Vegetable Plant Spacing – A Full Guide

Introduction to vegetable plant spacing

Vegetable plants spaced appropriately produce bigger yields. You will get more products with fewer plants, saving time, effort, and money. When planting vegetables, the spacing can be a confusing topic. So many different kinds of vegetables require different spacing; it’s hard to remember how much space goes between each plant. To make this easier, we have put together this handy plant spacing chart to help you and use this vegetable plant spacing guide to help you plan how best to place vegetables in your garden.

A step by step guide to vegetable plant spacing

Properly spacing your vegetable garden plants and rows prevents your plants from competing for water and nutrients. The best spacing to use in your garden depends on the size of the garden and the types of plants you are growing. Each vegetable species has a minimum amount of space that it needs to sustain healthy growth. To find out how much space you want to leave between plants, check the plant tags, which usually list spacing requirements. In traditional in-ground gardens, vegetable plants are planted in long and single rows spaced a uniform distance apart. The simple system works, but it takes more space than many gardeners have these days because of the room you want to leave for the paths in between the rows. The plant spacing guidelines for planting refer to the distance between plants within a row.

Why is plant spacing so important?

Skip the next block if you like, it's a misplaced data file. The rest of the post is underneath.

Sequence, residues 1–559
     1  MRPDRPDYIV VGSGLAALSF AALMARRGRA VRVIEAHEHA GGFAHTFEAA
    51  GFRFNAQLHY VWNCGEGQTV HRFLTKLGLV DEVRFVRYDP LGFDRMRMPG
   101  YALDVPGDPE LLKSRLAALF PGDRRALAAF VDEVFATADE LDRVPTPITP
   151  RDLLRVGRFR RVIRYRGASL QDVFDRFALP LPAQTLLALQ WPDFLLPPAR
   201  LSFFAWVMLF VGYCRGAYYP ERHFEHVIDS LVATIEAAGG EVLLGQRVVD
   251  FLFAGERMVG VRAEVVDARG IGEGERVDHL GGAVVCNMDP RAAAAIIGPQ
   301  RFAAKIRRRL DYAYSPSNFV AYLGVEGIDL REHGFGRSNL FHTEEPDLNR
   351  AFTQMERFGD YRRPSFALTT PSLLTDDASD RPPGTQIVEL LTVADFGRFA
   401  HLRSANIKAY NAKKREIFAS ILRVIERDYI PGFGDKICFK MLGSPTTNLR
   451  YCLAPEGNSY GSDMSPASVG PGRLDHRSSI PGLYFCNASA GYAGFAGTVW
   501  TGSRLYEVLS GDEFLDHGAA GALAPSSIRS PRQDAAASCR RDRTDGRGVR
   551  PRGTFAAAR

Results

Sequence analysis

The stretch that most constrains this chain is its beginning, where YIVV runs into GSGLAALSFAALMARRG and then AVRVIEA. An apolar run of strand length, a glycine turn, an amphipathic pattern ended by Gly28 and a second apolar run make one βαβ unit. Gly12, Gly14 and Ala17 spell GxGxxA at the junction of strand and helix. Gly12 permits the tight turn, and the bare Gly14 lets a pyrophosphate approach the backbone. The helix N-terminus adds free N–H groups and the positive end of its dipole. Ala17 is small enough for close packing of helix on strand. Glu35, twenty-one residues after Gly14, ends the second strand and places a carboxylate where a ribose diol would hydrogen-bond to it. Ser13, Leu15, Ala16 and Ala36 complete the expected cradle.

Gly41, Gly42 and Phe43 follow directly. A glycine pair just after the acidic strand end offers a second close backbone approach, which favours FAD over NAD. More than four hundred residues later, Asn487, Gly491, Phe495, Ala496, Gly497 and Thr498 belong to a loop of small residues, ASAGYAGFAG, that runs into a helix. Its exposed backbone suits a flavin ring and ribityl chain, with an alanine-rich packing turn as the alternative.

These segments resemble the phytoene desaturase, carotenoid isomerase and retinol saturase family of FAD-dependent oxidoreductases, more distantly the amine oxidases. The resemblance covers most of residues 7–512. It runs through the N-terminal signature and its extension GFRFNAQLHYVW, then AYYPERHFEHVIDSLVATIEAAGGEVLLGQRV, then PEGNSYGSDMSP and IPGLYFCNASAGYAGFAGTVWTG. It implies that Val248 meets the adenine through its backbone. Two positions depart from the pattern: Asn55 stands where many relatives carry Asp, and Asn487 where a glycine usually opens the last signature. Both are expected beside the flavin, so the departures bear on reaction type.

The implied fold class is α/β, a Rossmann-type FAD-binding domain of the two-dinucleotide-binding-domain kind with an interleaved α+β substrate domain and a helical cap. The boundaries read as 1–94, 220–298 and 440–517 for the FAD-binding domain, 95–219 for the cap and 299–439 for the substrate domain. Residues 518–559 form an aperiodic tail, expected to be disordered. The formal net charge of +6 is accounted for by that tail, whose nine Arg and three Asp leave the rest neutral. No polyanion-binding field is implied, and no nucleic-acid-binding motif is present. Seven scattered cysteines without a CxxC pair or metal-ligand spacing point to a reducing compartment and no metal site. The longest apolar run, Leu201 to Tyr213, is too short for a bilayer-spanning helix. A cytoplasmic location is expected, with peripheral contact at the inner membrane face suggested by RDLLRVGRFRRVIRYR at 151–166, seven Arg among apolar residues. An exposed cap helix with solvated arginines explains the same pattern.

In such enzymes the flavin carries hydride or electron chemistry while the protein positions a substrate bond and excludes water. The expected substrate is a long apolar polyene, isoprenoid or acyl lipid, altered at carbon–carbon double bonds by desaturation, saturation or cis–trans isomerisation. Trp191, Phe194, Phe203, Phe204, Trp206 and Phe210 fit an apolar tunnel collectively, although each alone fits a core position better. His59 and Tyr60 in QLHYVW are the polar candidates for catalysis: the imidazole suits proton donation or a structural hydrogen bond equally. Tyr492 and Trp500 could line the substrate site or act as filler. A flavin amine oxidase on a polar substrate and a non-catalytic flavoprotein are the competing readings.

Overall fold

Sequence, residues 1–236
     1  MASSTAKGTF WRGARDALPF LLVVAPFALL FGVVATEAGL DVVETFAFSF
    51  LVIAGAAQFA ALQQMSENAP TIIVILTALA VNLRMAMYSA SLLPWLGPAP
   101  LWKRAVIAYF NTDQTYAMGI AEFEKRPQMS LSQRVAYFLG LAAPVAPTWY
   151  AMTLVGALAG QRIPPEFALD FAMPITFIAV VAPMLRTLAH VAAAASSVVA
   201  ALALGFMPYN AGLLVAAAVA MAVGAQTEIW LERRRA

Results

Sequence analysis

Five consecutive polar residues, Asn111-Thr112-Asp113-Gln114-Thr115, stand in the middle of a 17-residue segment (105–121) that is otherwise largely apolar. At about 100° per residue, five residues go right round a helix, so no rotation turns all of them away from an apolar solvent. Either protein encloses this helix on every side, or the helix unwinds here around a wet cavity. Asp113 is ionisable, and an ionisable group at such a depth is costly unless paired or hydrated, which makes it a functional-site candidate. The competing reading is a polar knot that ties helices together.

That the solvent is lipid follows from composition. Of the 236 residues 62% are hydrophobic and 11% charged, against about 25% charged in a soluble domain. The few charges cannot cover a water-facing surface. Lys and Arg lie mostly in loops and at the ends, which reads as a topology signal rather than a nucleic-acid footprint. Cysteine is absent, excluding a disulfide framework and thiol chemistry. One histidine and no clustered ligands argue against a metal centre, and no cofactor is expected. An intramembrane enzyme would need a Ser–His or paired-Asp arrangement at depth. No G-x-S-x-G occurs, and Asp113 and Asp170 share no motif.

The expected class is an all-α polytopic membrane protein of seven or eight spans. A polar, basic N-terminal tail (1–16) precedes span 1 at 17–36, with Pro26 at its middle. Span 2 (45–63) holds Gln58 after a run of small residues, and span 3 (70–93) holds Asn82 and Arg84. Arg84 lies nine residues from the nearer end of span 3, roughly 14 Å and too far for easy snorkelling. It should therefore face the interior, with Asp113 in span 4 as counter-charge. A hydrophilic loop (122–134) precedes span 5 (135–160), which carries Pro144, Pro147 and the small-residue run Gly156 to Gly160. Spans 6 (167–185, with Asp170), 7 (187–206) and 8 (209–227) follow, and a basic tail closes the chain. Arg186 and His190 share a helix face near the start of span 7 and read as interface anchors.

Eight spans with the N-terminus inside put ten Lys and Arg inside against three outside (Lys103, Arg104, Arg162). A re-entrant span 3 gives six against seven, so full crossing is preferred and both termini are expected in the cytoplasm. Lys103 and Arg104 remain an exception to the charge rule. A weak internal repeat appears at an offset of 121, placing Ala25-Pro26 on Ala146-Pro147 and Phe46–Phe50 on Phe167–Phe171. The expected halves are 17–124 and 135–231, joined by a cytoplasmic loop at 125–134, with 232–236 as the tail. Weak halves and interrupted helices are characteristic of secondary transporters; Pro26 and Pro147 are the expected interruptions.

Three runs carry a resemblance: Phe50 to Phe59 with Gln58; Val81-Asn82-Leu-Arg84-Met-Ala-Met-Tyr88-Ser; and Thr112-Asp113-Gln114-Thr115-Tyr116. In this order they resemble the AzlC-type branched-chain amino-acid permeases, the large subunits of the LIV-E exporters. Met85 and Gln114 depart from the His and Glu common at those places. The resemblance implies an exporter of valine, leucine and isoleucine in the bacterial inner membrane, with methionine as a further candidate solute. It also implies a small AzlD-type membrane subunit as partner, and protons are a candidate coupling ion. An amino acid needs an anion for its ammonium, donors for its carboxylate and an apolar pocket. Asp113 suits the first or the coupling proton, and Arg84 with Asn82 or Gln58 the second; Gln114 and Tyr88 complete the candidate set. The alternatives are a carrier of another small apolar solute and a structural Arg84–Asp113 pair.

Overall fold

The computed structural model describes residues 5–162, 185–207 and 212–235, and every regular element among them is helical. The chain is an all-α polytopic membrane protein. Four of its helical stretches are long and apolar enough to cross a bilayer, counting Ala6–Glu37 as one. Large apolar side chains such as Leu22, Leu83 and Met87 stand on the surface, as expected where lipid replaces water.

There are several good reasons why providing the right amount of space between your garden plants is so important. The right plant spacing will;

  • Help to reduce competition for the sunlight that is vital to plant growth
  • Help to conserve water by keeping the soil around the vegetable plants shaded
  • Help to ensure each vegetable plant gets the maximum amount of available nutrients
  • Help to reduce the amount of space for weeds in your vegetable garden
  • While you can add more nutrients to the soil in your vegetable garden, it is much better for your plants if they don’t have to struggle for those that are already there. It is much better for plants if you leave the right amount of space between them.
  • The proper amount of vegetable plant spacing helps to ensure the entire plant receives plenty of healthy sunshine. In turn, this will help to ensure you have robust plants that bear lots of vegetables.

Row spacing in vegetable plants

Row spacing in vegetable plants
Row spacing in vegetable plants.

The ideal spacing between the rows in your garden provides ample room for plants to grow and for you to work in. In most cases, it is a good idea to leave at least 18 to 36 inches of space between each row of vegetable plants. Large garden vegetable plants, such as cucumbers, melons, and pumpkins, have sprawling growth habits that grow best with rows spaced 60 to 72 inches apart. Spacing rows slightly farther apart than the minimum spacing for the vegetable plants you are using can provide you with a more comfortable working area that encourages healthier plants. Making breaks about 2 feet long in the center of long rows provides easy access to the center of large gardens.

List of vegetable plants spacing

Spacing your vegetable plants appropriately reduces the risk of disease in two ways. They are contagion and an improved immune system. It is very easy for disease to spread from one plant to another if the plants are growing on top of one another, so vegetable plants growing too closely together are not as healthy as vegetable plants with enough space.

Overcrowding reduces air circulation, which helps prevent disease. This makes your vegetable plants much more likely to get sick. Harvesting is so much easier when your vegetable plants are spaced appropriately. You can access your plant from all sides without worrying about sabotaging its neighbor, and you will be able to more accurately assess yields. Row spacing is also important. If it is hard for you to walk between rows, thanks to an overambitious garden plan, harvesting is going to be difficult, as is weeding, and weeds impede harvesting.